Our money or your life : indemnities vs. deductibles in health insurance
When the value of a medical treatment differs across individuals, it may be socially beneficial to treat some, but not all, patients. If individuals are ignorant of their health status ex ante, they should be willing to purchase insurance fully covering treatments for high-benefit patients (Hs) and denying treatment for low-benefit patients (Ls). But if prognoses are observable but not verifiable, insurers may have trouble denying care to Ls. Deductibles force Ls to reveal their status by imposing a marginal cost on treatment, but at a price of incomplete risk-sharing. Lump-sum indemnities can similarly induce Ls to forgo treatment but are rare in health insurance markets. They were once more common and remain so in non-health markets. This paper reviews the potential for health insurance indemnities. We model an insurance market for a single illness and derive conditions determining the relative efficiency of indemnities and deductibles. ; We define a disease that strikes randomly, where there is no private information, and where benefits are measured as cure rates. These and other assumptions yield several rules of thumb: It is never socially or (ex ante) privately beneficial to offer an indemnity larger than the cost of treatment. The optimal indemnity is always larger than the optimal deductible. If Ls outnumber Hs, the best deductible contract always yields higher welfare than the best indemnity contract. As the Ls' cure rate approaches 0, the choice of indemnity or deductible depends entirely upon the relative numbers of Hs and Ls.
|Date of creation:||2000|
|Contact details of provider:|| Web page: http://www.richmondfed.org/|
More information through EDIRC
|Order Information:|| Web: http://www.richmondfed.org/publications/ Email: |
References listed on IDEAS
Please report citation or reference errors to , or , if you are the registered author of the cited work, log in to your RePEc Author Service profile, click on "citations" and make appropriate adjustments.:
- David M. Cutler & Louise Sheiner, 1998.
"Managed Care and the Growth of Medical Expenditures,"
in: Frontiers in Health Policy Research, Volume 1, pages 77-116
National Bureau of Economic Research, Inc.
- David M. Cutler & Louise Sheiner, 1997. "Managed Care and the Growth of Medical Expenditures," NBER Working Papers 6140, National Bureau of Economic Research, Inc.
- Fuchs, Victor R & Zeckhauser, Richard, 1987. "Valuing Health--A "Priceless' Commodity," American Economic Review, American Economic Association, vol. 77(2), pages 263-68, May.
- Gianfrancesco, Frank D., 1983. "A proposal for improving the efficiency of medical insurance," Journal of Health Economics, Elsevier, vol. 2(2), pages 175-184, August.
- Ellis, Randall P. & McGuire, Thomas G., 1990. "Optimal payment systems for health services," Journal of Health Economics, Elsevier, vol. 9(4), pages 375-396, December.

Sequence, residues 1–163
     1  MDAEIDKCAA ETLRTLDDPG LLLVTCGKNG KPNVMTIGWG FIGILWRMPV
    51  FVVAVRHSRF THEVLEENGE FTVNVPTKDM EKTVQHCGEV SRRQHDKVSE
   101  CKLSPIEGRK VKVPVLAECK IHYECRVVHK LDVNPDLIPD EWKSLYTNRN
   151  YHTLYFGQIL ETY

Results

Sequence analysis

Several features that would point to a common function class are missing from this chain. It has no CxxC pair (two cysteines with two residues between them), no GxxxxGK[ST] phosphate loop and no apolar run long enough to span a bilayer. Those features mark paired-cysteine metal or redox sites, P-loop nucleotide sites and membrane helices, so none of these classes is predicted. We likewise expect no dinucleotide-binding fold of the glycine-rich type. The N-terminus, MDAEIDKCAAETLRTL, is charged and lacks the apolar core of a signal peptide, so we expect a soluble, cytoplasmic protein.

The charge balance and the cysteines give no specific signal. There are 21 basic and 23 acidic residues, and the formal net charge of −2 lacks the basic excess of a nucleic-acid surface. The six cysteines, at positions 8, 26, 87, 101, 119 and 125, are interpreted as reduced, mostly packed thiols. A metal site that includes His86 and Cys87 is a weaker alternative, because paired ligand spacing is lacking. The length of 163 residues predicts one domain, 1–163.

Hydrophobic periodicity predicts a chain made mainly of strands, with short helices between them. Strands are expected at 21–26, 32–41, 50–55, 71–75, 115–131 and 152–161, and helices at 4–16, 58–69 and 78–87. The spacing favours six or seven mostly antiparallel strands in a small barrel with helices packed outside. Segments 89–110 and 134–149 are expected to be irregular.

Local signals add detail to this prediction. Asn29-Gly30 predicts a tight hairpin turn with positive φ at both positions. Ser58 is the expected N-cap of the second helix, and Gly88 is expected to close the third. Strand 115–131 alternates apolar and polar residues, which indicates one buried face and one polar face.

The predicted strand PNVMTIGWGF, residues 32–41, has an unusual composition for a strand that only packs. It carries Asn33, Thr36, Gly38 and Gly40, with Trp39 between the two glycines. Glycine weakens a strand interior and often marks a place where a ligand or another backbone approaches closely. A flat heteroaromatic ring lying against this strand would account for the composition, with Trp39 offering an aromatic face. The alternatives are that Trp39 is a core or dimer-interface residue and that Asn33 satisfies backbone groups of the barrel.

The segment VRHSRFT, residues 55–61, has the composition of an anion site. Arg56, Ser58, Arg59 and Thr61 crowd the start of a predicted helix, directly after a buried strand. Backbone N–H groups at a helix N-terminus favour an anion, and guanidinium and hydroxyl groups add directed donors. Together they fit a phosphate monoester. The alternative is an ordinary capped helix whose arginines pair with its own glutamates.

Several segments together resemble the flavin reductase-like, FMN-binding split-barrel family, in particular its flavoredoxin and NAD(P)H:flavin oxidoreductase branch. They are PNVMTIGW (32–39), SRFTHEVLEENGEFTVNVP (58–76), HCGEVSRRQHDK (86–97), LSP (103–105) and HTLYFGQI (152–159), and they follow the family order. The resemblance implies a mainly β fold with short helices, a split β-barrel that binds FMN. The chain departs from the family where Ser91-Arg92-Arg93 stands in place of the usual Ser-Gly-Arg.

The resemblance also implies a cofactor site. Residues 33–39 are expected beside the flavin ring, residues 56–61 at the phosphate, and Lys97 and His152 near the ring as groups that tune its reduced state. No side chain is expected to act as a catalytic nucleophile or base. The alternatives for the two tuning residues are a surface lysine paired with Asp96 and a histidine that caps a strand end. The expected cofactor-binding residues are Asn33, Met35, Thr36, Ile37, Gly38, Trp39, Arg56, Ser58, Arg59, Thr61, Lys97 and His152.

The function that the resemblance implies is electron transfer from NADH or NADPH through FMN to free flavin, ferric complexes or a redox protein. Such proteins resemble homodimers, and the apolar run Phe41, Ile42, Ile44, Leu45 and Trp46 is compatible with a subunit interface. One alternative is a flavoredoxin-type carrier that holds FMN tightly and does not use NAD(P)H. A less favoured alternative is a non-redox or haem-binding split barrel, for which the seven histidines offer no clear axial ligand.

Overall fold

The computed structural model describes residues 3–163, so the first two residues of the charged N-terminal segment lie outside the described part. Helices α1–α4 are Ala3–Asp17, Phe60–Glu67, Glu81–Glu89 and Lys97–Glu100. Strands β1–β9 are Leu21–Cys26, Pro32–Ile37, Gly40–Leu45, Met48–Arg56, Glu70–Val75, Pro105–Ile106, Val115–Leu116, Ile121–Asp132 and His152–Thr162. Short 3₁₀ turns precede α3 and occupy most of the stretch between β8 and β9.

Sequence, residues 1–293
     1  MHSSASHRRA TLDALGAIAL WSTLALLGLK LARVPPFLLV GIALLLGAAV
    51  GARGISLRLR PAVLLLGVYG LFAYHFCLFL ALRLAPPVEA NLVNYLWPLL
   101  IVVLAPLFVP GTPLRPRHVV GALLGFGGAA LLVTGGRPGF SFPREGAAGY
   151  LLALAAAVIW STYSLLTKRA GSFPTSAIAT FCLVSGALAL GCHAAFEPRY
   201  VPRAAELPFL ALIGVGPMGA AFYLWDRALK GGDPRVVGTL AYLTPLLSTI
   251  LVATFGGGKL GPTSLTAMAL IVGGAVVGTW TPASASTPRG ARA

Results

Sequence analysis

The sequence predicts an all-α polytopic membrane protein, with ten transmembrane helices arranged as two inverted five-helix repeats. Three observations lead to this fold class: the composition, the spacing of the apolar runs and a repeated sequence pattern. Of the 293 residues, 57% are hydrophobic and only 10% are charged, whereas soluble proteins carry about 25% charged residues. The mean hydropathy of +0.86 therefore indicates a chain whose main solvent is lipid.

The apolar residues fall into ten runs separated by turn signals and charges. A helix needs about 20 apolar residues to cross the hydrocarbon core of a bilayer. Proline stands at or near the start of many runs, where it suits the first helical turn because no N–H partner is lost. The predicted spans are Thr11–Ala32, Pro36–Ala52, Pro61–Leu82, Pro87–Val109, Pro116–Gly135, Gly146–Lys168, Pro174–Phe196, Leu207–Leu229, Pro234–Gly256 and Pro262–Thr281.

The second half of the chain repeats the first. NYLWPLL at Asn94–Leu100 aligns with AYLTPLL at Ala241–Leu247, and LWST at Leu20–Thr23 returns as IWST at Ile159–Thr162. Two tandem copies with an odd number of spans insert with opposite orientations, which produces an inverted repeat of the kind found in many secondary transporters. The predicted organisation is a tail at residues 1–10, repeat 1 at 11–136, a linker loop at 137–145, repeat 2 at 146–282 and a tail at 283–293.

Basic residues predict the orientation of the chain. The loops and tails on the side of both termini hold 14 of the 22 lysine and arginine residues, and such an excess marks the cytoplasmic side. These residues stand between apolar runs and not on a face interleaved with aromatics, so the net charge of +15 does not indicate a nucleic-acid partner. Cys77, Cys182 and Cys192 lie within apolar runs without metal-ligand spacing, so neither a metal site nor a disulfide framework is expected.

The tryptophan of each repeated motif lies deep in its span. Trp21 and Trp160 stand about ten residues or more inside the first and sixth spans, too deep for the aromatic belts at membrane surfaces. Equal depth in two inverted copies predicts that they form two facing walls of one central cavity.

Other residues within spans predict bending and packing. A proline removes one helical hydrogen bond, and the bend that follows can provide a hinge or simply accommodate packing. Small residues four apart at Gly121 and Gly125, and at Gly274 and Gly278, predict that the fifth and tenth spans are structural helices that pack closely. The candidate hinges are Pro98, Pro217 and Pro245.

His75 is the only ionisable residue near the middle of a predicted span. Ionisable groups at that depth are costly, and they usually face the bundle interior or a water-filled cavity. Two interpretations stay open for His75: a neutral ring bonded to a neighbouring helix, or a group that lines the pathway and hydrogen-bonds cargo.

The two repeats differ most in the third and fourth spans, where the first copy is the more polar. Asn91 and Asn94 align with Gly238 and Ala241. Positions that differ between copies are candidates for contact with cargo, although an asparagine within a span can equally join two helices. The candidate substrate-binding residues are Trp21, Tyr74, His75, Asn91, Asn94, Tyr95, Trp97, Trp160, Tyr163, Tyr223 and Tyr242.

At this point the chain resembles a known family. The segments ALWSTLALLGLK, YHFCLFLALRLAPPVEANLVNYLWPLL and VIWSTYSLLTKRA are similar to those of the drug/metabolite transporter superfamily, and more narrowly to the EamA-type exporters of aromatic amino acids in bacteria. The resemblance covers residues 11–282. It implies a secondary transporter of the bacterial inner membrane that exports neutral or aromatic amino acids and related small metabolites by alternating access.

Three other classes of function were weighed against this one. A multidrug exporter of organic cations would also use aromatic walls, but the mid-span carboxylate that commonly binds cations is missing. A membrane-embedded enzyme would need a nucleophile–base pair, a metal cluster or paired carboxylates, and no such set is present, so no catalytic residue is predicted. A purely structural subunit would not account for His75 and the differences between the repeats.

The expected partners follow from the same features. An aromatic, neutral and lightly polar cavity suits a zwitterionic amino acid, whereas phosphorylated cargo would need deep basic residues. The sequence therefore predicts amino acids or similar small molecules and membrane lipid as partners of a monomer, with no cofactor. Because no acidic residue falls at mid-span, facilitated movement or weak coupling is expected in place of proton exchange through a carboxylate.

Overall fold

- Feldstein, Martin S, 1973. "The Welfare Loss of Excess Health Insurance," Journal of Political Economy, University of Chicago Press, vol. 81(2), pages 251-280, Part I, M.
- Manning, Willard G, et al, 1987. "Health Insurance and the Demand for Medical Care: Evidence from a Randomized Experiment," American Economic Review, American Economic Association, vol. 77(3), pages 251-77, June.
- Goddeeris, John H, 1984. "Medical Insurance, Technological Change, and Welfare," Economic Inquiry, Western Economic Association International, vol. 22(1), pages 56-67, January.
- Bond, Eric W. & Crocker, Keith J., 1997.
"Hardball and the soft touch: The economics of optimal insurance contracts with costly state verification and endogenous monitoring costs,"
Journal of Public Economics,
Elsevier, vol. 63(2), pages 239-264, January.
- Bond, E.W. & Crocker, K.J., 1993. "Hardball and the Soft Touch: The Economics of Optimal Insurance Contracts with Costly State Verification and Endogenous Monitoring Costs," Papers 10-93-1b, Pennsylvania State - Department of Economics.
- Hanemann, W Michael, 1991. "Willingness to Pay and Willingness to Accept: How Much Can They Differ?," American Economic Review, American Economic Association, vol. 81(3), pages 635-47, June.
- Richard Arnott & Joseph Stiglitz, 1991. "Equilibrium in Competitive Insurance Markets with Moral Hazard," NBER Working Papers 3588, National Bureau of Economic Research, Inc.
When requesting a correction, please mention this item's handle: RePEc:fip:fedrwp:00-04. See general information about how to correct material in RePEc.
For technical questions regarding this item, or to correct its authors, title, abstract, bibliographic or download information, contact: (Christian Pascasio)
If you have authored this item and are not yet registered with RePEc, we encourage you to do it here. This allows to link your profile to this item. It also allows you to accept potential citations to this item that we are uncertain about.
If references are entirely missing, you can add them using this form.
If the full references list an item that is present in RePEc, but the system did not link to it, you can help with this form.
If you know of missing items citing this one, you can help us creating those links by adding the relevant references in the same way as above, for each refering item. If you are a registered author of this item, you may also want to check the "citations" tab in your profile, as there may be some citations waiting for confirmation.
Please note that corrections may take a couple of weeks to filter through the various RePEc services.